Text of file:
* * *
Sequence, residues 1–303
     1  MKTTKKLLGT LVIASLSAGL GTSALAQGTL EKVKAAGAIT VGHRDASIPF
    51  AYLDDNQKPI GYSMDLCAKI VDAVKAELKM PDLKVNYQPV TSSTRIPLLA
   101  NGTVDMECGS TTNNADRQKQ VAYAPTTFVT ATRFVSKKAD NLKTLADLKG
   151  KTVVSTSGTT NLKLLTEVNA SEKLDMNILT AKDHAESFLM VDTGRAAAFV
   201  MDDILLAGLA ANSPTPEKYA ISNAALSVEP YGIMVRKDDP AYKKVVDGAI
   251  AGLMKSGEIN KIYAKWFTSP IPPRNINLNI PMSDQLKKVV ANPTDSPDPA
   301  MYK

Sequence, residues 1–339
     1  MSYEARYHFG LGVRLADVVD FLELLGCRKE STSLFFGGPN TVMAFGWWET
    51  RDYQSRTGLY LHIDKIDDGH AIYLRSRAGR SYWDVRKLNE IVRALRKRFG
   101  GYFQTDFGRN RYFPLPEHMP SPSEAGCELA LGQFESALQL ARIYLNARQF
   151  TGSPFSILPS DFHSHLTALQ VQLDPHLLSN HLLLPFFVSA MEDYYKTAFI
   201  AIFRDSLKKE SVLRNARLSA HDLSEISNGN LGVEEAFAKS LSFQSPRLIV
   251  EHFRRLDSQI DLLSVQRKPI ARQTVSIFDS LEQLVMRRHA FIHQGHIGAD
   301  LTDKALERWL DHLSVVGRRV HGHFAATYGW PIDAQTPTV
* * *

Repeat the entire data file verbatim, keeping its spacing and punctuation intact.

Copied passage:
Sequence, residues 1–303
     1  MKTTKKLLGT LVIASLSAGL GTSALAQGTL EKVKAAGAIT VGHRDASIPF
    51  AYLDDNQKPI GYSMDLCAKI VDAVKAELKM PDLKVNYQPV TSSTRIPLLA
   101  NGTVDMECGS TTNNADRQKQ VAYAPTTFVT ATRFVSKKAD NLKTLADLKG
   151  KTVVSTSGTT NLKLLTEVNA SEKLDMNILT AKDHAESFLM VDTGRAAAFV
   201  MDDILLAGLA ANSPTPEKYA ISNAALSVEP YGIMVRKDDP AYKKVVDGAI
   251  AGLMKSGEIN KIYAKWFTSP IPPRNINLNI PMSDQLKKVV ANPTDSPDPA
   301  MYK

Sequence, residues 1–339
     1  MSYEARYHFG LGVRLADVVD FLELLGCRKE STSLFFGGPN TVMAFGWWET
    51  RDYQSRTGLY LHIDKIDDGH AIYLRSRAGR SYWDVRKLNE IVRALRKRFG
   101  GYFQTDFGRN RYFPLPEHMP SPSEAGCELA LGQFESALQL ARIYLNARQF
   151  TGSPFSILPS DFHSHLTALQ VQLDPHLLSN HLLLPFFVSA MEDYYKTAFI
   201  AIFRDSLKKE SVLRNARLSA HDLSEISNGN LGVEEAFAKS LSFQSPRLIV
   251  EHFRRLDSQI DLLSVQRKPI ARQTVSIFDS LEQLVMRRHA FIHQGHIGAD
   301  LTDKALERWL DHLSVVGRRV HGHFAATYGW PIDAQTPTV